The word classical always painted a picture of classical music in my head—Mozart, to be specific—because in high school, I was part of the choir and sang classical songs, and this was the only encounter that I had ever had with the word. When I began to question what education should look like for my young family, my husband and I attended a homeschooling conference: the East African Community of Homeschoolers (EACH) in Nairobi, Kenya.
Coincidentally, or rather God-incidentally (as God would have it), this particular conference had Greg Stockton from Classical Conversations, USA, as a guest speaker, and he spoke of the timeline song and played it for us—and we were hooked by this new approach that felt familiar.
This is what I have come to learn about the old new way: although it is new, it is also familiar because it resonates with the foundational paths that God already built into existence.
Jeremiah 6:16 says, “Ask for the ancient paths, ask where the good way is, and walk in it, and you will find rest for your souls.” I believe that by questioning education and praying about the right fit for our family, we were asking God for the good way and for rest, and He led us to the ancient paths.
He who is the Ancient of Days (Daniel 7:9) led us to find this new old way.
How Do We Start?
Our joy in learning about homeschooling and hearing about Classical Conversations from a parent who had seen the rewards of this resource was quickly clouded by the next hurdle, which was figuring out how to start.
Now, this was in 2012. We lived in Nairobi, Kenya, and Classical Conversations, at that time, had not set up support or infrastructure in Africa. All the materials and books were only available in the U.S., and beyond the timeline song, everything else felt daunting. Latin was a strange concept; so were memory work and the grammar terminology for our four-year-old son.
And so, after Greg went back to the U.S., we thought we would forget the impact of that encounter. But like the memory of an unforgettable, delicious meal or the excitement of discovering a hidden treasure, we just could not shake off that encounter.
We found the timeline song on YouTube (it is no longer there) and would begin every morning with this song in our home. This simple start of a song was itself memory work.
That is how to start learning in the old new way. This is my encouragement to anyone who does not know where or how to start: begin with the simplicity of memory work.
I then sent several emails to Greg, who was gracious enough to respond and set up a Zoom call, walk me through the classical model, and show me how to access CC Connected. I was alone, yet not alone. This online platform was my next step in how to start.
Just like a baby learning to walk, I did not need all the answers, I just needed the next step, and this online resource center made a world of difference in my homeschool journey because I received resources, equipping, and information, and got connected with other CC families several miles away.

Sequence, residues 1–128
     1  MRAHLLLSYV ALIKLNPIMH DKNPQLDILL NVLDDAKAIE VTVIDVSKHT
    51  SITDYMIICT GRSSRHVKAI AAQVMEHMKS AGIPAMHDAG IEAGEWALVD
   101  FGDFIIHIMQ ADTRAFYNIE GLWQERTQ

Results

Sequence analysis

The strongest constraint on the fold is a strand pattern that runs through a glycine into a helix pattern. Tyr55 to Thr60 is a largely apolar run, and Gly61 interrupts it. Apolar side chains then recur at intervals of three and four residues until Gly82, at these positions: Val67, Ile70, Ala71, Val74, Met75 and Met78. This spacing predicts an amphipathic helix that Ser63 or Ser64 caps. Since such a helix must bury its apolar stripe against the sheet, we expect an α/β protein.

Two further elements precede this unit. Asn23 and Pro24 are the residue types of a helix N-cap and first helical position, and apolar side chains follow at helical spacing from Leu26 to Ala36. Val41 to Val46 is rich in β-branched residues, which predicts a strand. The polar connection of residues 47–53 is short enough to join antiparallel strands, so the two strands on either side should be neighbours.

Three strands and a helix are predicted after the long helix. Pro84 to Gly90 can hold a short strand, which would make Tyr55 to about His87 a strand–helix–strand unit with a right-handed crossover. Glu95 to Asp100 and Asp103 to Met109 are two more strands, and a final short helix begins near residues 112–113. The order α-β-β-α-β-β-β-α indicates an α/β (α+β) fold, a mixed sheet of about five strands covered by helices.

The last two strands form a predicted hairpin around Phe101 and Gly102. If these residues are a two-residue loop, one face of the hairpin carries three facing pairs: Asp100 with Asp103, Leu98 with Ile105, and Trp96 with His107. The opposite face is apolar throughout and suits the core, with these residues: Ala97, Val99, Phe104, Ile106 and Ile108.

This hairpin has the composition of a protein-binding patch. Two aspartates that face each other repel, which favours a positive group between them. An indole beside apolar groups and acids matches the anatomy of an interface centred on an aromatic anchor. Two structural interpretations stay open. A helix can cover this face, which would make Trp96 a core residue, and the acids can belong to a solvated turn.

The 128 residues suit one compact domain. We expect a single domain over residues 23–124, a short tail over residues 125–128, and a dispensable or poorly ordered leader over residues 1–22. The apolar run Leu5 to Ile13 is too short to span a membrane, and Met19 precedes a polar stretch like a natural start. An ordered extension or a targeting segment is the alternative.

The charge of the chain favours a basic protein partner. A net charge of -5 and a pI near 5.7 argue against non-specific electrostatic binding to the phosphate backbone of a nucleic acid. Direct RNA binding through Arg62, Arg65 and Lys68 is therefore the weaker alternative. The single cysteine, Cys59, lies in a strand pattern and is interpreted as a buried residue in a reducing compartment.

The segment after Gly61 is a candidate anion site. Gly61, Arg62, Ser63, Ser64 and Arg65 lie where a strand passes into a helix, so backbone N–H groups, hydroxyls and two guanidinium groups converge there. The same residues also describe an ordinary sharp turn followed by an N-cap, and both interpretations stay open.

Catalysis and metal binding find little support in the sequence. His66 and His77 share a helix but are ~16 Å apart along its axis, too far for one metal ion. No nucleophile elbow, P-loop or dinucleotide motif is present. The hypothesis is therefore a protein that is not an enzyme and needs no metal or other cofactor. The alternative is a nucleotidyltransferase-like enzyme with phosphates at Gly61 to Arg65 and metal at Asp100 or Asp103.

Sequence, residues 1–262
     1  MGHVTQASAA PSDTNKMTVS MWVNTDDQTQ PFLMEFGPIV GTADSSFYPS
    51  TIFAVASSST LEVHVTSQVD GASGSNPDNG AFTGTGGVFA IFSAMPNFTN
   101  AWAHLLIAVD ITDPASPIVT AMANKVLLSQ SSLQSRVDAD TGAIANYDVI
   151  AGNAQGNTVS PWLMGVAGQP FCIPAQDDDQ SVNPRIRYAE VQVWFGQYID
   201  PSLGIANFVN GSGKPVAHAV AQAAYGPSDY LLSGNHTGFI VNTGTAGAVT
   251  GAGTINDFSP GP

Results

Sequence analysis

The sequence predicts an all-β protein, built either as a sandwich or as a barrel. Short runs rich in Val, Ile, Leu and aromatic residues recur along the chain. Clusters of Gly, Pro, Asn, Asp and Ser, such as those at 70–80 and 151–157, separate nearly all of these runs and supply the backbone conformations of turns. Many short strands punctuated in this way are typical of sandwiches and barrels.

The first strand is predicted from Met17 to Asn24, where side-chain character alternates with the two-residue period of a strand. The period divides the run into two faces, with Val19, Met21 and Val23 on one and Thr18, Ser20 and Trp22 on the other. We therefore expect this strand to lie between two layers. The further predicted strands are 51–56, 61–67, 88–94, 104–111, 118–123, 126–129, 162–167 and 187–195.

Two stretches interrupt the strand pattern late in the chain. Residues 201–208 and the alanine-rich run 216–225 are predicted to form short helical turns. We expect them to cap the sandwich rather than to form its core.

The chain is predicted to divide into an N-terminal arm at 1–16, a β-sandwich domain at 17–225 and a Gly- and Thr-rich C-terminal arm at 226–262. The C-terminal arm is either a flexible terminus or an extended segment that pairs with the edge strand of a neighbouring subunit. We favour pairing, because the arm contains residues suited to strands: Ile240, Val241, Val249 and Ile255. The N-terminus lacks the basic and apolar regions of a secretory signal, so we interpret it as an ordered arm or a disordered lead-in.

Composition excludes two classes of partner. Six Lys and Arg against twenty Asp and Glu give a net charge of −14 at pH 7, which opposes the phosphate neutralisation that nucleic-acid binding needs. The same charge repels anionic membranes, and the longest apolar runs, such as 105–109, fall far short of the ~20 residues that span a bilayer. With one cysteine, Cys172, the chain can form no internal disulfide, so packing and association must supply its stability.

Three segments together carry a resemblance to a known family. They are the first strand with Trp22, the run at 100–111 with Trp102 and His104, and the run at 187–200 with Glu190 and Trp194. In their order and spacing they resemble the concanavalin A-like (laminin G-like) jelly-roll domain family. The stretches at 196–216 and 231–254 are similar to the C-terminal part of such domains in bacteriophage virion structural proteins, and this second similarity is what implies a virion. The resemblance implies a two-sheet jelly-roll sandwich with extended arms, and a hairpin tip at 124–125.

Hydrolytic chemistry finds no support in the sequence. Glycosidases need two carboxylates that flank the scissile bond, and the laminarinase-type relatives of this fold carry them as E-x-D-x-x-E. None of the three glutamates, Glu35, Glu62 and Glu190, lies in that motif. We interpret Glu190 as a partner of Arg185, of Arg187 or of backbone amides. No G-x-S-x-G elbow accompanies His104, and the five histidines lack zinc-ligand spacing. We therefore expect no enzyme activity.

There’s an African proverb: If you want to walk fast, walk alone; if you want to walk far, walk together.
If you want to walk fast, walk alone; if you want to walk far, walk together.
This has been proven true in my homeschooling journey. As I learnt more about CC and embarked on this journey, like the woman in the parable who found the lost coin (Luke 15:8–10), I could not keep this to myself and shared it with close friends around me. They seemed to resonate with this joy, and we started meeting once a week in my home.
We had no idea what we were doing and for how long we will do it, but we did it together, and this enabled us to go far, to keep at it, to grow together, to watch our children develop public speaking skills, learn the phases of the moon, identify classical music in cartoons, point out art by Rembrandt or Monet, point out when the moon is gibbous, and classify plants and clouds.
This growing community gave us the courage to finish our first cycle of twenty-four weeks. We weren’t perfect. We missed several details and forgot a lot of the structure, but because we were together, we became family. We held each other accountable and grew in courage to try another cycle.
Looking back at the unplanned journey, I can say that it is indeed true that God has a plan for our good and prosperity.
This small community that commenced with me and my four-year-old son has now multiplied into three communities across the country, with over fifty children and twenty families learning classically. We used the tools of learning and applied the concept as lead learners to create an African and Kenyan timeline, history sentences, and geographic locations, which were published on CC Connected with the amazing support of CC and our SR and AR.
We have graduated our first CC high school graduates who have been accepted into universities here in Kenya, and this is a big feat not just for CC but for all homeschoolers in Kenya. The ancient path, with a solid foundation, based on the truth of God’s word, plus the journey with like-hearted families, fueled by the encouragement of a great support system, prayers, and the Holy Spirit, has enabled us—who would have felt far removed, unqualified, and unreachable, all the way in Nairobi, Kenya—to finish strong.
Only by His Grace.